How to Keep an RV Fridge Cool on the Road

You checked several times before you left and your RV fridge was chilled, but now that you’re on the road, it’s hardly cold. What gives? This is a common occurrence for RV owners, so we decided to research why your fridge runs warm when driving and how to prevent it.

How to Keep an RV Fridge Cool on the RoadThere are several methods to keeping your RV fridge cool on the road, even if you’re not running it:

  • Don’t open the refrigerator door more often than necessary
  • Stuff cold items like cans and bottles in empty fridge gaps
  • Make sure your fridge is ice cold before you leave
  • Use a generator

Ready to start enjoying a cooler fridge? Read on, as we’ll go into more depth about the methods explained above. We’ll also include some precautions for safe fridge use on your RV adventures.

How to Keep Your RV Fridge Cool When Driving

Most of the time, when you are going on a road trip in your RV, your refrigerator will not be running. By doing any of the following, you can prolong how cold it will stay even with no power.

Keep the Refrigerator Door Closed

A full-size RV fridge
A full-size RV fridge | Photo by Ark PP

When you turn up the coldness setting on your RV fridge, the inside temperature of the appliance will gradually drop until it reaches the desired temperature. As soon as you open the fridge door to grab something to eat, you release some of that coldness. The inside temperature of the fridge will go up several degrees as it loses its cold air and gains room temperature air from outside. It then takes longer to get back to that prior cool temperature.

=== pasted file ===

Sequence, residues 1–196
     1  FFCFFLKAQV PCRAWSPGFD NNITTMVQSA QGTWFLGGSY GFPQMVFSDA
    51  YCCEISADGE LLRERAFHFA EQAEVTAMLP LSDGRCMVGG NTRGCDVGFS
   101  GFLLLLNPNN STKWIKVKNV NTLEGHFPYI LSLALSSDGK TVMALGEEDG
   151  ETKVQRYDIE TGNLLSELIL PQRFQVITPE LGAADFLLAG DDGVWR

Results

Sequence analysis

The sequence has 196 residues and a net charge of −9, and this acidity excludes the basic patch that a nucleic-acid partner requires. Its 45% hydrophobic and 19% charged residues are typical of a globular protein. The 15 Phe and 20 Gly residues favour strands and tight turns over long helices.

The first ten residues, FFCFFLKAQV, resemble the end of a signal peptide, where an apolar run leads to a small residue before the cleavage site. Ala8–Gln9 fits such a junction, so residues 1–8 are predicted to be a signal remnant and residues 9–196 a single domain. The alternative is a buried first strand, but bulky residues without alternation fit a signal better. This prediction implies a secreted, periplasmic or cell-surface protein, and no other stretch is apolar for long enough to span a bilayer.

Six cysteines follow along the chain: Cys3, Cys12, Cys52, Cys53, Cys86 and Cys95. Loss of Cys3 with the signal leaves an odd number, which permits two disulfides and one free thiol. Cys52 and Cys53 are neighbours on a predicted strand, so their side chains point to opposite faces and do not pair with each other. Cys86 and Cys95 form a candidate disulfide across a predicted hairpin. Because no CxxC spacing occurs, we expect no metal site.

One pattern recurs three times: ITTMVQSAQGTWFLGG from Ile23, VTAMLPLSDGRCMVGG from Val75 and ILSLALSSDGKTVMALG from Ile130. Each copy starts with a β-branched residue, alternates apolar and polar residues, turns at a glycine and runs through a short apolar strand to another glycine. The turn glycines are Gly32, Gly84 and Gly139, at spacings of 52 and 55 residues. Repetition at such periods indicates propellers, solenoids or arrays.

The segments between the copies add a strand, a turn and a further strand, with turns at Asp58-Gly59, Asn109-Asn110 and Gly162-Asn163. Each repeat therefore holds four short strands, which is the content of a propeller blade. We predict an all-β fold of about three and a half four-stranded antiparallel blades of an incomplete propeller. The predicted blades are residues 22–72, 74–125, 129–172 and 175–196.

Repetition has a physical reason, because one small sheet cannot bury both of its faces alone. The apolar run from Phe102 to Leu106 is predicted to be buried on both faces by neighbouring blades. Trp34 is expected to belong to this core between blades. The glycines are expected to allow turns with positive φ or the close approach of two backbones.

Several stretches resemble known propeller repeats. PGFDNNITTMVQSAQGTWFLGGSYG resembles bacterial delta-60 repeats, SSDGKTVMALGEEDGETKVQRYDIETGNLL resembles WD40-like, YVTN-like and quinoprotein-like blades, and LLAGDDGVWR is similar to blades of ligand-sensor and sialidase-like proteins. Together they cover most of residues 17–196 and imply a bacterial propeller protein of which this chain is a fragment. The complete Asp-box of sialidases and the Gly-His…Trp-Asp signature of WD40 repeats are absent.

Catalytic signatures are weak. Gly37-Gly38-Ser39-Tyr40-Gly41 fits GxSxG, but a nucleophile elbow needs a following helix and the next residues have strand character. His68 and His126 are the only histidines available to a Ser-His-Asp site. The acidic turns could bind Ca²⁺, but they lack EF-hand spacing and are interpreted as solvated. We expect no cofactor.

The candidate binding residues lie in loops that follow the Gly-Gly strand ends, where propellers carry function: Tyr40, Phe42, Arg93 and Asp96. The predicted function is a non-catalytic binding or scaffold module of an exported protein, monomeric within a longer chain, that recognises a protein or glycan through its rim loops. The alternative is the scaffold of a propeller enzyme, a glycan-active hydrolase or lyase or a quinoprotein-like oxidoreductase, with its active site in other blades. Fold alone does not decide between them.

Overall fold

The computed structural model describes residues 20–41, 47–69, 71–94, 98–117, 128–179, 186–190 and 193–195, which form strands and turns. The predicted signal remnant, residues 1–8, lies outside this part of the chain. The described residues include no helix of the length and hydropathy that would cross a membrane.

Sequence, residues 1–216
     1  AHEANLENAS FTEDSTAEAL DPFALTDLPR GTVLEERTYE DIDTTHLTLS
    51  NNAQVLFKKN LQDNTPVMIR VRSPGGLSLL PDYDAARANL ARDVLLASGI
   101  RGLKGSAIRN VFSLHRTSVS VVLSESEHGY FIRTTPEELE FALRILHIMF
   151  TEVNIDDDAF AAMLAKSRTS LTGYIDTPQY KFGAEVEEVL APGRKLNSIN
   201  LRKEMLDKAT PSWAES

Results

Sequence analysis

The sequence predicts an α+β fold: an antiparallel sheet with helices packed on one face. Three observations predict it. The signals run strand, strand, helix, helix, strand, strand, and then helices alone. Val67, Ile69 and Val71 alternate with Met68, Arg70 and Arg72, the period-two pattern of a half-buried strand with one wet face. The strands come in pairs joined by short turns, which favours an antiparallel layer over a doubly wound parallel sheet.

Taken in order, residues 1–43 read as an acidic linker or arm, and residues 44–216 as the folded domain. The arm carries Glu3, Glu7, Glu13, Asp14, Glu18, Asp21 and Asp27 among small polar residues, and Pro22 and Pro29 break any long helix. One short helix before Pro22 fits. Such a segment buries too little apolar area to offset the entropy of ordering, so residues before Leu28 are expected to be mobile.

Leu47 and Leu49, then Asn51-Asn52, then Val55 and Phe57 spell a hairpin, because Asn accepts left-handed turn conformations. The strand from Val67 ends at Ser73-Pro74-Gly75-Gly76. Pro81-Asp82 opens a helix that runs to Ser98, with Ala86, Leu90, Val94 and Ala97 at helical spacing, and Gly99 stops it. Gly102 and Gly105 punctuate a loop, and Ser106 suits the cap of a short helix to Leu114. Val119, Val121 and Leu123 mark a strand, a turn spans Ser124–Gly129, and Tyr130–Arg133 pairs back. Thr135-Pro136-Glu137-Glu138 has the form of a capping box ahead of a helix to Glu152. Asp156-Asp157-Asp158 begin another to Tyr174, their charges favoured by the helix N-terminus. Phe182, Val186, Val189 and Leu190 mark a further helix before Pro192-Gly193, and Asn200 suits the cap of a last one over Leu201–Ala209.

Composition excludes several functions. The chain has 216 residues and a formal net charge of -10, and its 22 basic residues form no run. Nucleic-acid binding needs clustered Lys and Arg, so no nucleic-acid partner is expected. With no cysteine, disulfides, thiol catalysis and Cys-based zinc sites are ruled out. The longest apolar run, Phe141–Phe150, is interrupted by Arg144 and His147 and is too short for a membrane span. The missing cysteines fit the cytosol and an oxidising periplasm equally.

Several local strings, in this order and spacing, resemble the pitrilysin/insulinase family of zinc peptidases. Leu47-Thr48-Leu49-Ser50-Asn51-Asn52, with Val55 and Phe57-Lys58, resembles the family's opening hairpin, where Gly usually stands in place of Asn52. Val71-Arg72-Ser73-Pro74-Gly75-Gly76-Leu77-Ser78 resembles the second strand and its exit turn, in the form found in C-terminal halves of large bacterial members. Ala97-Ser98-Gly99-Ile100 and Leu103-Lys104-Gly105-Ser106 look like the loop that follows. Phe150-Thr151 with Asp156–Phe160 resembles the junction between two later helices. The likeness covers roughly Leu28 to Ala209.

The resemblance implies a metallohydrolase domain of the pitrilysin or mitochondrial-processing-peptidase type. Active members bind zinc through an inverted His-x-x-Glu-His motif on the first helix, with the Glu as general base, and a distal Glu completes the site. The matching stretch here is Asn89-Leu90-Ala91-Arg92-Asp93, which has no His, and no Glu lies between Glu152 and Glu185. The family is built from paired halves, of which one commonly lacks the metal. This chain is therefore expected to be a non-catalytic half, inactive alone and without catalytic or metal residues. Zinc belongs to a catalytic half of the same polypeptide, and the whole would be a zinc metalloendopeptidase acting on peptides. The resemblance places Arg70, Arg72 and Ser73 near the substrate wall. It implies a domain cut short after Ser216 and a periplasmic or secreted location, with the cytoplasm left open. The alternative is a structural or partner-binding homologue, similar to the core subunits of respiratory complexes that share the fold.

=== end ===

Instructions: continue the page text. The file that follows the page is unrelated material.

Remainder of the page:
The more you and your passengers go into the refrigerator, the warmer it will start to run. We’re not saying you should starve on your RV, but plan when you’ll get food and drinks strategically. Tell your fellow passengers to do the same. This way, you and several other people aren’t going into the fridge too often.

Alternately, you can bring a cooler and stash what you need for the day in there. Any common household cooler you have lying around should do, but make sure you have lots of ice!

Don’t Leave Fridge Gaps

Avoid fridge gaps as much as possible. You want to fill any empty space with frosty treats such as cold cans or bottles. Small food items that can retain their coldness are another possibility. You don’t want to use ice or anything truly frozen for this job, as it will all melt somewhat. Your food could thaw and go bad, which would be a waste. As the ice melts, it could make your fridge leak. Since RV fridges can be temperamental enough as it is, don’t exacerbate the situation.

There are other factors in packing the fridge properly – many of them relating simply to keeping everything in place while the RV is in motion. You can read more in this guide: How to Pack an RV Refrigerator the Right Way (11 Practical tips!)

Crank up the Coldness

A day ahead of your trip, turn your RV refrigerator to the coldest setting possible. Leave it there overnight. If you must unplug your fridge, at least everything will be ice cold when you do. You might want to be careful about trying to eat or drink anything from the fridge in those first few hours, as they may be bordering on frozen.

Run a Generator

You can also hook up your fridge to your generator to power it up. Then, make semi-frequent stops and run the generator for a while. This should get even a warm fridge back to cold status.